Many of the warriors around him echoed these sentiments in a chorus, glancing at each other to strengthen their neighbor with their sense of communal resolve. 
      “My wife was killed by the Clan of Zalcan,” said a large man with a buzz cut and prominent patriotic tattoo on his neck. “I have been raising our young son on my own since that day. My first chance to fight those sons of bitches, and I am really gonna let loose.”
     Visola smiled sadly. “You and me both, Bain. We have all lost someone by now. We all have a reason to fight—that’s why you were chosen. Not only because we saw the most potential in you, but because you’ll fight with the most heart.”
      “I will, General Ramaris,” Bain said, giving the traditional salute and bowing from the waist. “Just teach me, and I will do whatever you command. We all will.”
     Visola nodded ardently, narrowing her eyes. “I won’t let this nation fall,” she declared with determination. “If we do lose the American submarines for any reason, we will be all that stands between Adlivun and a watery grave. And we will stand.”
      “All twelve of you?” was the dubious query that echoed from the cave entrance.
     Visola’s head whipped around to behold the source of the familiar voice. She surveyed the muscular man with a small black ponytail, and released a deep sigh. “Honey, I told you not to bother me when I’m training the Ducklings.”
      “Where are the rest of them?” Vachlan asked. “Your flock seems smaller today.”
     She waved a hand, armored in a dark green gauntlet. “Most of the men were forced to work overtime on the bridge again.”
      “That’s happening more and more often,” Vachlan commented. “Trevain and Elandria should really do something about all these treaty violations. But more importantly, darling, you really need to stop calling your elite military squadron the ‘Ducklings.’ Allow these poor men to preserve a modicum of their self-respect.”
      “They were handpicked to receive private training sessions from me,” Visola boasted, sticking her chin out arrogantly, “and we intend to fight for Adlivun. That provides all the pride we need.”
      “Really?” Vachlan said, turning to the warriors. “Are you lads comfortable with this arrangement?”
      “General Ramaris can call us anything she wants, sir,” Marsden responded promptly.
     Vachlan squinted, lifting a hand to rub the back of his robust neck. “Dear wife, I believe these young combatants would fight better if you gave them a less shameful name. Queen Amabie is calling her unit the ‘Water Dragons.’ That sounds far more intimidating to me.”
      “For Sedna’s sake!” Visola shouted, tilting her head back to look at the cave ceiling for validation. “We’re a secret army, not a sports team! It’s a codename, dear husband—we’re not permitted to organize, and I believe that the more harmless we sound, the less harmless we’ll actually be.”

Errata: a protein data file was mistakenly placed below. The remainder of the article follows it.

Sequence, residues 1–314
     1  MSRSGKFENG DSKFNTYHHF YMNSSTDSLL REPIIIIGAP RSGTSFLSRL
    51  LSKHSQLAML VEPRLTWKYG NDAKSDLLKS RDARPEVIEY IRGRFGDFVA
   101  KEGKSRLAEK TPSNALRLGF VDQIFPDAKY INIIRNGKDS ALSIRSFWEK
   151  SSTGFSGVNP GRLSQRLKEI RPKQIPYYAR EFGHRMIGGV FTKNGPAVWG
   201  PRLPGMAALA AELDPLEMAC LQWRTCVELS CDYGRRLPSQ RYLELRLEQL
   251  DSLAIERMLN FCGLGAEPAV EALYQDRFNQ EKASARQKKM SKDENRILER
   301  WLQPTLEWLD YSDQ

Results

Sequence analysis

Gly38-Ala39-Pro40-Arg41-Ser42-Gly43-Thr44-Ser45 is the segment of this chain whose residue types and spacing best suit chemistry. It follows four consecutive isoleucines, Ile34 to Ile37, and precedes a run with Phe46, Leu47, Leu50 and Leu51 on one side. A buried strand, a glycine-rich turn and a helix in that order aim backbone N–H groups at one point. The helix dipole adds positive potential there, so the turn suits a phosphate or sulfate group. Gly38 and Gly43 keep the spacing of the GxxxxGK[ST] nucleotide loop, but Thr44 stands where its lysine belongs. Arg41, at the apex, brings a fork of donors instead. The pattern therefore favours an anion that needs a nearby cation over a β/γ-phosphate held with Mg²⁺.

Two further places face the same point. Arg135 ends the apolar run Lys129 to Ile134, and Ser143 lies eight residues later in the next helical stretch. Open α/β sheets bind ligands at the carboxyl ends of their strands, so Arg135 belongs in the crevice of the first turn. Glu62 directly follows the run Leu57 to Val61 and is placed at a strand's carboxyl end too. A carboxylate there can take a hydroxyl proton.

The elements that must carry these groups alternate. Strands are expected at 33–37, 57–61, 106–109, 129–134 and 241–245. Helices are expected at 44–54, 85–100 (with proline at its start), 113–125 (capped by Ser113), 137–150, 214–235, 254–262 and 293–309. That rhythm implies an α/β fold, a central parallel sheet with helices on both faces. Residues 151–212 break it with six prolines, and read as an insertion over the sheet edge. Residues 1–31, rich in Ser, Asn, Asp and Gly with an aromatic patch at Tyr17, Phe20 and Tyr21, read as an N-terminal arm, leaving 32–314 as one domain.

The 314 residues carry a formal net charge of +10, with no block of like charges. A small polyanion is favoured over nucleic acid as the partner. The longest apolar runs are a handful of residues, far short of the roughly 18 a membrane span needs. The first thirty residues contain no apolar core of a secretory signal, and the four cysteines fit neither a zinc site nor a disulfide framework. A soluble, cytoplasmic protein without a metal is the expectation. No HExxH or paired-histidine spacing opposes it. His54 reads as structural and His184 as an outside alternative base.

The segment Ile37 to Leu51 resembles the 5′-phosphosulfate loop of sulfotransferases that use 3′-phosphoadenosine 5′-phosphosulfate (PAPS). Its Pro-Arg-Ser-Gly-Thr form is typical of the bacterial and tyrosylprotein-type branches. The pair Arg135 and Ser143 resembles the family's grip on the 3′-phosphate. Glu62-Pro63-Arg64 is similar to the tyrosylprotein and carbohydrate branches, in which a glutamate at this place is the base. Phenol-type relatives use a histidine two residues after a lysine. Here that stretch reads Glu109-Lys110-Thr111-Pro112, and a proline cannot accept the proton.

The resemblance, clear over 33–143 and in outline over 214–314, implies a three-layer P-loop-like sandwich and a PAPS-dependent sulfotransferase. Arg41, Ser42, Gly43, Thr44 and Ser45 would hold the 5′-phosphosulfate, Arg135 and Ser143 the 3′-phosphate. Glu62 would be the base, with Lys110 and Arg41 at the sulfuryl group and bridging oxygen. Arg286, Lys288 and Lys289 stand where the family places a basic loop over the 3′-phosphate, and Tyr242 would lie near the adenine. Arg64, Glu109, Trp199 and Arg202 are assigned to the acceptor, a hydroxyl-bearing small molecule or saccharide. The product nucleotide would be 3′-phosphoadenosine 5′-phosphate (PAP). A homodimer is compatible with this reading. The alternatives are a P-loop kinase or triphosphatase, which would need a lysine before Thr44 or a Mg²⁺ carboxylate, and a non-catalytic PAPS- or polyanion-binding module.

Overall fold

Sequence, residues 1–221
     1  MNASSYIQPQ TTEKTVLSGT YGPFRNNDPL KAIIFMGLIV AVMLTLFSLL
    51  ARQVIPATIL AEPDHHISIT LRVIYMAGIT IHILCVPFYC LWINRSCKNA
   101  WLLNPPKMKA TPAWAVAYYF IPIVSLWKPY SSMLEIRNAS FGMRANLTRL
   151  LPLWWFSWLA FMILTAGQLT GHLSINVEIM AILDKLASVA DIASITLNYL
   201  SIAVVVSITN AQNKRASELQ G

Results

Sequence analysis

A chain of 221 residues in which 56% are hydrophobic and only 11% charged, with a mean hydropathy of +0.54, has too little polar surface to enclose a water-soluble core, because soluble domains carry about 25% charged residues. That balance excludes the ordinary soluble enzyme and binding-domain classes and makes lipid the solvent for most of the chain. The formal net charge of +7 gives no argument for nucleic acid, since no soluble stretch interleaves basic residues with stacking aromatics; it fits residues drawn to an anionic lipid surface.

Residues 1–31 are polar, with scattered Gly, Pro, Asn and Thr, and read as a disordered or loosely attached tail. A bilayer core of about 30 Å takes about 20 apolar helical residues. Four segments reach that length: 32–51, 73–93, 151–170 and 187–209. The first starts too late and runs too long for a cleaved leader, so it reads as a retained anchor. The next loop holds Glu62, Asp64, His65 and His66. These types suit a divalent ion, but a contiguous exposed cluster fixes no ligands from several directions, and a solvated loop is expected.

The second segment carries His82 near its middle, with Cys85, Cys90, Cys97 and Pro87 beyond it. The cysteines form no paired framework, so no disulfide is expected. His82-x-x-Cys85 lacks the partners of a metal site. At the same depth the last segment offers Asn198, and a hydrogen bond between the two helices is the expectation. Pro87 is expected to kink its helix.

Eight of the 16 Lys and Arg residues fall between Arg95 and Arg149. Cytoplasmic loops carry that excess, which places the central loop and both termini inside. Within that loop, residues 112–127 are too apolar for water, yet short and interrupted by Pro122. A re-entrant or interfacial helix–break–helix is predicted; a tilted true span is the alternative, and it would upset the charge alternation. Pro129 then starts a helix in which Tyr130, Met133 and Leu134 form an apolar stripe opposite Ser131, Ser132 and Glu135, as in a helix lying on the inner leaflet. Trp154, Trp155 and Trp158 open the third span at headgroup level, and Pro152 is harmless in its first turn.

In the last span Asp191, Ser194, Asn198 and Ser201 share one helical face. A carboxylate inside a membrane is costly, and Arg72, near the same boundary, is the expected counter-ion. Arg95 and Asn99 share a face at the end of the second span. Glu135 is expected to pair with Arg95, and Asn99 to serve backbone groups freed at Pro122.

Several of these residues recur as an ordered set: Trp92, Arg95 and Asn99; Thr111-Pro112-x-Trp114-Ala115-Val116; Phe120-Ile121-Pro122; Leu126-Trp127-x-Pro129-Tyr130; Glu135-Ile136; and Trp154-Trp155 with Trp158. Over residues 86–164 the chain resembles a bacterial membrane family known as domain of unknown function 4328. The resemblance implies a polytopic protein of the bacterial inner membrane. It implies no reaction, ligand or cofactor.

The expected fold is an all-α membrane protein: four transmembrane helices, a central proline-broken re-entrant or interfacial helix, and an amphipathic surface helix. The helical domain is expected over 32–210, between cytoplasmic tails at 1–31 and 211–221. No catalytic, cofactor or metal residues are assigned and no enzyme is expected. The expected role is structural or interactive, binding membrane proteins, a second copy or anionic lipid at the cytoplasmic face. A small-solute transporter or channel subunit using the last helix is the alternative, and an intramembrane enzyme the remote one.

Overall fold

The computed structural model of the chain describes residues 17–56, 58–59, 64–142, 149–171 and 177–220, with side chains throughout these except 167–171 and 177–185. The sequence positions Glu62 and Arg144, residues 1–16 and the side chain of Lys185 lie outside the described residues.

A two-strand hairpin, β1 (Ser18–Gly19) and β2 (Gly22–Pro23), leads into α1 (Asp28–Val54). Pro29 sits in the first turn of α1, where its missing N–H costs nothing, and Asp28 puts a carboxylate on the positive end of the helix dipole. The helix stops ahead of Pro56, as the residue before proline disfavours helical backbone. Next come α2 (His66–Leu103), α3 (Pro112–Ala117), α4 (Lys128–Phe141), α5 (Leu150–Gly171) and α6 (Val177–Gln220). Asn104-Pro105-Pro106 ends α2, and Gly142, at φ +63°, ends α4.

“Interesting notion,” Vachlan said. He fished into the waterproof rucksack he carried with him and lifted out a slender laptop. “Viso, I really need your opinion on my latest screenplay. It’s a romantic comedy set in New York, but with a twist…”
      “Let me guess: no action, again? Cheesecake, how many years has it been since you wrote about someone getting even a beer bottle smashed over their head?” She emitted a large, exaggerated yawn. “I think maybe you should train with my Ducklings, Vachlan. It looks like sitting on your ass and writing all day is making you a bit soft around the midsection.”
      “What!” Vachlan shouted, reaching down to feel his washboard abs. When all the warriors in the room snickered at his reaction, he glared at her. “You will pay for this, woman! Tonight you can tell me again just which sections of me have gotten soft.”
     When the men around her burst into laughter, Visola could not resist a grin. “How about I tell you which parts have gotten black and blue?” She cricked her neck to either side before smirking and lifting her hand to point at her husband. “Get him, boys.”
      “Oh, great,” Vachlan said as the twelve warriors moved forward slowly to surround him. “I’m really not in the mood for this, gentlemen. But if any of you are interested in reviewing this charming script—”
     Marsden was the first to dive at Vachlan, and the dark-haired warrior deftly slipped his laptop under his arm before using one hand to defend against blows, and delivering a swift kick to the man’s chest. The warrior from Bimini was sent tumbling back into another soldier, and they both stumbled to the cave floor, scrambling to get up.
      “—and perhaps proofreading for errors or typos—”
     This time Vachlan was interrupted by two men attacking him from either side, and he lowered himself to the ground to sweep their legs out from under them as if breakdancing. He pivoted on the palm of his hand, still clutching his laptop protectively under the other arm.